Interview: Bloomberg Columnist Kavitha Davidson on Gays & Racism in Sports
Kavitha A. Davidson is a Bloomberg View columnist who writes about sports. She previously worked as an editor at the Huffington Post. A native New Yorker and a lifelong sports fan, Davidson attended Columbia University, where she was the sports editor of the Columbia Daily Spectator, covering baseball and swimming. She has also worked for political campaigns, minor league sports teams and philanthropic organizations.
BSO had a chance to talk to Kavitha about the impact that Michael Sam, Richard Sherman and Incognito news has had on sports.
BSO: Situations like Michael Sam coming out, Richard Sherman are these important situations within sports to take notice like we did?
KD: Well, sports fans are becoming more progressive so the sports world will have to move with them. As average sports fans become younger…more progressive, owners, managers and advertisers have to catch up with them obviously. With Michael Sam, that obviously has to do with gay rights; with Richard Sherman it was more about the notion of what behavior we think is appropriate from black athletes especially. Even if the players are talented and intelligent, we expect them to take it in stride, not necessarily keep their head down but we don’t embrace the same bravado from a black athlete that we would from a white athlete, from Brett Favre for example. By the way, 30 seconds after he made the biggest play of his career and was asked a question on the field that was meant to bring up that exact emotional response he gave, a lot of fans reacted by infusing his reaction with a lot of meaning than it needed to have. Sports is meant to garner these kinds of emotions and you are suppose to be that invested in it, when people aren’t invested we accuse them of being lackadaisical, kind of a no win situation in that way. Richard Sherman was a victim of what everyone thought he should be.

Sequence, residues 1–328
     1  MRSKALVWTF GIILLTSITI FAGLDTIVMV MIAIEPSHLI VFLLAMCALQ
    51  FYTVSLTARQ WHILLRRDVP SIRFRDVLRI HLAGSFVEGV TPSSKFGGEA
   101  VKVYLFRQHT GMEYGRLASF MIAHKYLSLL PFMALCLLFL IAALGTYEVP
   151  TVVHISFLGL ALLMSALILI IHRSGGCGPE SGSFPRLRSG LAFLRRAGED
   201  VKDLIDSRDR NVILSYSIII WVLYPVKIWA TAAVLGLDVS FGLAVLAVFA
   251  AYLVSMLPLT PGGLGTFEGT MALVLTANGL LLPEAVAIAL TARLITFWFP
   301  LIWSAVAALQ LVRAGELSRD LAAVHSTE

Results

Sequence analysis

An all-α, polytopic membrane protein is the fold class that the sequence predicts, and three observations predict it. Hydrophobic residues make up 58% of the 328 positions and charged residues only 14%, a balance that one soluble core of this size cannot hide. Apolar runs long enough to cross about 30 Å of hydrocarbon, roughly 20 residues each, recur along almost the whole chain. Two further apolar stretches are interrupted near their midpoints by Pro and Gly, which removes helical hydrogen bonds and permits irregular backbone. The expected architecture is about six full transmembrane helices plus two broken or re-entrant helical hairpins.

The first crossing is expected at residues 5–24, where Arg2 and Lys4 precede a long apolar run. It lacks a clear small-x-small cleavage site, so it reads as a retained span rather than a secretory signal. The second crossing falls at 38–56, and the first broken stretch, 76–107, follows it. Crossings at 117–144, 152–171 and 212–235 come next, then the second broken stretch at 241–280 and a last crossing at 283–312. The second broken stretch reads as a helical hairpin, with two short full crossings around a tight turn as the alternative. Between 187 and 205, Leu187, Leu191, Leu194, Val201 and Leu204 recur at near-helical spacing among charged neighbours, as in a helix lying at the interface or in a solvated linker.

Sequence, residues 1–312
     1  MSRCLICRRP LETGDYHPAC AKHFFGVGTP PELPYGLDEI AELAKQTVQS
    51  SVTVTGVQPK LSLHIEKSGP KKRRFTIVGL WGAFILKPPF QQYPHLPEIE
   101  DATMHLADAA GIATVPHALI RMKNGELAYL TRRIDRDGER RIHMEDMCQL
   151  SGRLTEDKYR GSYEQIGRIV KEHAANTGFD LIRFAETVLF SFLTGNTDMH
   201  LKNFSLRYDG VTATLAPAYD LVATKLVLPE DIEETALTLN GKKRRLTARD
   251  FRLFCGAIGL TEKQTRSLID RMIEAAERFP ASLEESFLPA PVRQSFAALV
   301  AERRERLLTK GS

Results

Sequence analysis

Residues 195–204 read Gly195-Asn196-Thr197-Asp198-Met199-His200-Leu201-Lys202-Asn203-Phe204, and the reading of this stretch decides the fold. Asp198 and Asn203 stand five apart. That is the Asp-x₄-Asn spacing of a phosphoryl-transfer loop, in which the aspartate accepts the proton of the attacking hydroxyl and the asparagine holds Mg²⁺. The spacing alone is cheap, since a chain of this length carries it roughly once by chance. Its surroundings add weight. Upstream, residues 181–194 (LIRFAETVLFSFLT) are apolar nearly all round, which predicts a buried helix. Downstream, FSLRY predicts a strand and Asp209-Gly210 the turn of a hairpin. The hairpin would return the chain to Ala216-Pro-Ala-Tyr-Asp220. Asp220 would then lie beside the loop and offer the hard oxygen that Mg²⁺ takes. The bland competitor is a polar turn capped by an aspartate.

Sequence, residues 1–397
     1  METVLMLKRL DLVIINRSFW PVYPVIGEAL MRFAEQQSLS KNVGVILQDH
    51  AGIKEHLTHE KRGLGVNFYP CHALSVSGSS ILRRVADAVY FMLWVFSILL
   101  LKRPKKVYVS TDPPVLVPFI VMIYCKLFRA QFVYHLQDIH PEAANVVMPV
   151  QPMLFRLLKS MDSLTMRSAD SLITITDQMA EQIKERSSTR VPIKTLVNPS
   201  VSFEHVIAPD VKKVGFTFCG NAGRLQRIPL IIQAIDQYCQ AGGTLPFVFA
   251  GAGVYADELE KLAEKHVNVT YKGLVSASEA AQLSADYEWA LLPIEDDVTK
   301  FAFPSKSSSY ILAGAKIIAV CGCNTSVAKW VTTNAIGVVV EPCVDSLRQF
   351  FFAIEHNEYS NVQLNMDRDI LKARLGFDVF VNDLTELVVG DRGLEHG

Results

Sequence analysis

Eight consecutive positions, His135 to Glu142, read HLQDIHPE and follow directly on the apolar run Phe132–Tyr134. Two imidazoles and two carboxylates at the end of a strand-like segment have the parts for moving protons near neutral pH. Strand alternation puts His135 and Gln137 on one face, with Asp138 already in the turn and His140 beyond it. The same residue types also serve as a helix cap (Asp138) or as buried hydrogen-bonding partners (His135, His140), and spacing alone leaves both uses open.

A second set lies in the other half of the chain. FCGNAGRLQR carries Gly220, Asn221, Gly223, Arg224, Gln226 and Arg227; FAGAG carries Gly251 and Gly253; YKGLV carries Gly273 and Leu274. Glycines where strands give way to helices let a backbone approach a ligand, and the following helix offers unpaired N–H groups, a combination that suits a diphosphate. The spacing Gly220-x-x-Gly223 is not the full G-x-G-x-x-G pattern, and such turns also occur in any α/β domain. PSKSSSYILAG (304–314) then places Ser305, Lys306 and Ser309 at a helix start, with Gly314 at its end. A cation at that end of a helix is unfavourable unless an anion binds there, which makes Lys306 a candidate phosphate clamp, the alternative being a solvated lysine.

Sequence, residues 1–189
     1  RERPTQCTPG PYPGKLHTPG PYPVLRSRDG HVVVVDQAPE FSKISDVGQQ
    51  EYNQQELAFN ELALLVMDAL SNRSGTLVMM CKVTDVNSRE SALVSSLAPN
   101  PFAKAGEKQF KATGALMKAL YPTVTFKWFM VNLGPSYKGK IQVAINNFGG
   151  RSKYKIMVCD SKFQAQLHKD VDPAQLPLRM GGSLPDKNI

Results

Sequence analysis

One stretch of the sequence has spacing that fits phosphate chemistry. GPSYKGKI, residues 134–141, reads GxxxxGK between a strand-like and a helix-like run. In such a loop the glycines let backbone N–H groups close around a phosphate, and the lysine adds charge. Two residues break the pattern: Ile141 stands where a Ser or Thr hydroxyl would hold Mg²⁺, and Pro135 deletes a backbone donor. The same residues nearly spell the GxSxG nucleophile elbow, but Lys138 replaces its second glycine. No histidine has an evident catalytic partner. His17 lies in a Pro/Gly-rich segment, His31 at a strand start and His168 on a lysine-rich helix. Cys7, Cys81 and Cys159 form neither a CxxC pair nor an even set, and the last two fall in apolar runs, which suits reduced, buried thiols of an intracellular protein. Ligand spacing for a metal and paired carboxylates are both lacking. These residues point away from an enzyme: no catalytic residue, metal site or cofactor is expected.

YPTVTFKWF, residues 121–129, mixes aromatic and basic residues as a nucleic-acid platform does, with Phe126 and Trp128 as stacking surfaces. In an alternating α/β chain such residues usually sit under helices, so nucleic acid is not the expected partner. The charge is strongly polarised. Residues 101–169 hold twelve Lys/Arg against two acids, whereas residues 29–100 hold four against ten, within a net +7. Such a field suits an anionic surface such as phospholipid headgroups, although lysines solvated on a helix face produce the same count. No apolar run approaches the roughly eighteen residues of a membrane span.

BSO: Do you feel like we are heading in the right direction when it comes to racism, sexual orientation and differences within sports?
KD: We don’t say Tom Brady is a detriment to the white cause and has set back athletes from the University of Michigan for like 500 years, we don’t take it as a personal front as we did with Richard Sherman. I think that we are obviously moving in the right direction. I was lucky enough to see a screening of the documentary on Muhammad Ali and he dealt with the same kind of backlash because he was equally arrogant and outspoken and a little bit of a loud mouth but he backed it up and was the greatest fighter of all-time. When you have that level of talent, you are allowed to be a little loud mouth about it. Papers at the time exploited him for not being humble and basically not knowing his place as a black man no matter how talented he was. Obviously we’ve come a long way and there is a long way to go, the backlash to the backlash was very encouraging, right after people on Twitter started reacting to him you had articles from Deadspin and BleacherReport basically saying everybody needs to calm down… and he was not the stereotypical thug everyone wanted him to be. In that way it was very encouraging, there is definitely some long way to go.